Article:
Vitus whilst yet a child was baptised, unknown to his father. When his father found this out, he used his best endeavours to dissuade his son from the Christian religion, but as he found him persistent in it, be handed him over to Valerian, the Judge, to be whipped. But as he still remained as unshaken as before, he was given back to his father. But while his father was turning over in his mind, to what severe discipline to subject him, Vitus, being warned by an Angel, fled to another country, in company with Modestus and Crescentia, who had brought him up. There, he gained great praise for holiness, so that his fame reached Diocletian. The Emperor, therefore, sent for him to deliver his own child that was vexed by a devil. Vitus delivered him; but when the Emperor found that with all his gifts, he could not bring him to worship the gods, he had the ingratitude to cast him, as well as Modestus and Crescentia, into prison, binding them with fetters.
But when they were found, in the prison, more faithful than ever to their confession, the Emperor commanded them to be thrown into a great vessel full of burning resin and pitch and melted lead. Therein they, like the three Hebrew Children in the fiery furnace, sang praise to God; and upon that they were dragged out and cast to a lion; but he only lay down before them and licked their feet. Then, the Emperor being filled with fury, more especially because he saw that the multitude that looked on were stirred up by the miracle,—commanded Vitus, Modestus, and Crescentia to be stretched upon a block and their limbs crushed so that their bones were broken. While they were dying, there came thunderings, and lightnings and earthquakes, so that the temples of the gods fell down, and many men were killed. Their remains were gathered up by a noble lady named Florentia who embalming them with spices, honorably buried them.
An account of Ss. Vitus, Modestus, and Crescentia
In the beginning of the Fourth Century
These saints are mentioned with distinction in the ancient Martyrologies. According to their acts they were natives of Sicily. Vitus or Guy was a child nobly born, who had the happiness to be instructed in the faith, and inspired with the most perfect sentiments of his religion by his Christian nurse, named Crescentia, and her faithful husband Modestus. His father Hylas was extremely incensed when he discovered the child's invincible aversion to idolatry; and finding him not to be overcome by stripes and such like chastisements, he delivered him up to Valerian, the governor, who in vain tried all his arts to work him into compliance with his father’s will and the emperor’s edicts. He escaped out of their hands, and, together with Crescentia and Modestus, fled into Italy. They there met with the crown of martyrdom in Lucania, in the persecution of Dioclesian. The heroic spirit of martyrdom which we admire in St. Vitus, was owing to the early impressions of piety which he received from the lessons and example of a virtuous nurse: of such infinite importance is the choice of virtuous preceptors, nurses, and servants about children.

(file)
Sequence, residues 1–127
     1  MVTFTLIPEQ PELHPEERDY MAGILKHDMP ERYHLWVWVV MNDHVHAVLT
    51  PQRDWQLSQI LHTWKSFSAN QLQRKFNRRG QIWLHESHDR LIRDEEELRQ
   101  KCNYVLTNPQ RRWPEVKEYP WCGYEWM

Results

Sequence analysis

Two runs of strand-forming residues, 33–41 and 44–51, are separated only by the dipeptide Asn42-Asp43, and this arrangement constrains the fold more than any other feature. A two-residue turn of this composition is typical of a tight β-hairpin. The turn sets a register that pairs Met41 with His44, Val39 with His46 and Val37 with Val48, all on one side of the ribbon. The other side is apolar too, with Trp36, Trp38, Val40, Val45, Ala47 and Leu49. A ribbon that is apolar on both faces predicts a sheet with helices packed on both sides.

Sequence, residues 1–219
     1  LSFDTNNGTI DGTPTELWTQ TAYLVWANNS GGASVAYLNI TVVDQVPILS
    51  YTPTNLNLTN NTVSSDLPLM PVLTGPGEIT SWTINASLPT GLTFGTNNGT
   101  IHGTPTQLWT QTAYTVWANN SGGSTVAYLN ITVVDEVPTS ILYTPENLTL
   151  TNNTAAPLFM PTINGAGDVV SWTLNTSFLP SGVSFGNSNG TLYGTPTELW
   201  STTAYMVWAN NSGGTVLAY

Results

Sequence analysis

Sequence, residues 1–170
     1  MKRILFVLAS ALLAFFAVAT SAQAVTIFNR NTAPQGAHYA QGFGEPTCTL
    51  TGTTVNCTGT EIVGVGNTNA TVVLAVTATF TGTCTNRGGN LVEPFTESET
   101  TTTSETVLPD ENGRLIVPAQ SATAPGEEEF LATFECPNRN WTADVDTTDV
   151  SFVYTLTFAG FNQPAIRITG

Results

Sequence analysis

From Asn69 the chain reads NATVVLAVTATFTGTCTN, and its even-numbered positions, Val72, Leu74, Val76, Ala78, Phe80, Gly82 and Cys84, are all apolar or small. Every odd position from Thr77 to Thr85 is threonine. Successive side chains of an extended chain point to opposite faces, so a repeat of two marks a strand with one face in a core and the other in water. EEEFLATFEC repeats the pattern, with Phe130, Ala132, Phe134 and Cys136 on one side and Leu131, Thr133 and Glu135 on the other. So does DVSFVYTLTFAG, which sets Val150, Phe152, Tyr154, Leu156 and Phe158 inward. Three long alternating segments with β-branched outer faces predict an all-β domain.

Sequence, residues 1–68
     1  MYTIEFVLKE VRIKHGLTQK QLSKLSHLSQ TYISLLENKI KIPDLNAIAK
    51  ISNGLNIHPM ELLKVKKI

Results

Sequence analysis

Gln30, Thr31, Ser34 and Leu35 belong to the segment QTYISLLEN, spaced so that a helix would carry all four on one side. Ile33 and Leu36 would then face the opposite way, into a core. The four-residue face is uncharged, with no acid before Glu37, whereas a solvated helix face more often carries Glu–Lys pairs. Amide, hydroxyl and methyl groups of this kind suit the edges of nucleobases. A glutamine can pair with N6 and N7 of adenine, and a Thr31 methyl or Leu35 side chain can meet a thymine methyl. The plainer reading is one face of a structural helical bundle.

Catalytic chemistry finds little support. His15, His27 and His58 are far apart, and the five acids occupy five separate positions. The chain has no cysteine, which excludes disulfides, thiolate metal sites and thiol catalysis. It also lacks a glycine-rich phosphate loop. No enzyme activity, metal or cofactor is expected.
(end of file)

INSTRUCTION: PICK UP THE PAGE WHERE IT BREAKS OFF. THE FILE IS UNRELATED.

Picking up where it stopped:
This reflection unfolds the reason why certain courts and ages were so fruitful in saints. The pagan Romans were solicitous that no slave should ever have access to their children who did not speak with perfect elegance and purity of language; and shall not a Christian be as careful as to manners and virtue? It is a fatal mistake to imagine that infants are ever too young to be infected with the contagion of vice. No age receives deeper impressions, or observes more narrowly every thing that passes in others; nor is any thing so easily or so insensibly imbibed as a spirit of vanity, pride, revenge, obstinacy, or sloth; or harder to be ever corrected. What a happiness for an infant to be formed from the mother's breast as it were naturally to all virtue, and for the spirit of simplicity, meekness, goodness, and piety to be moulded in its tender frame? Such a foundation being well laid, further graces are abundantly communicated, and a soul improves daily these seeds, and rises to the height of Christian virtue often without experiencing severe conflicts of the passions.
Taken from: The Liturgical Year – Time After Pentecost, Vol. III, Dublin, Edition 1890;
The Lives of the Fathers, Martyrs, and Other Principal Saints, Vol. VI, 1866; and
The Divine Office for the use of the Laity, Volume II, 1806.
Ss. Vitus, Modestus, and Crescentia, pray for us.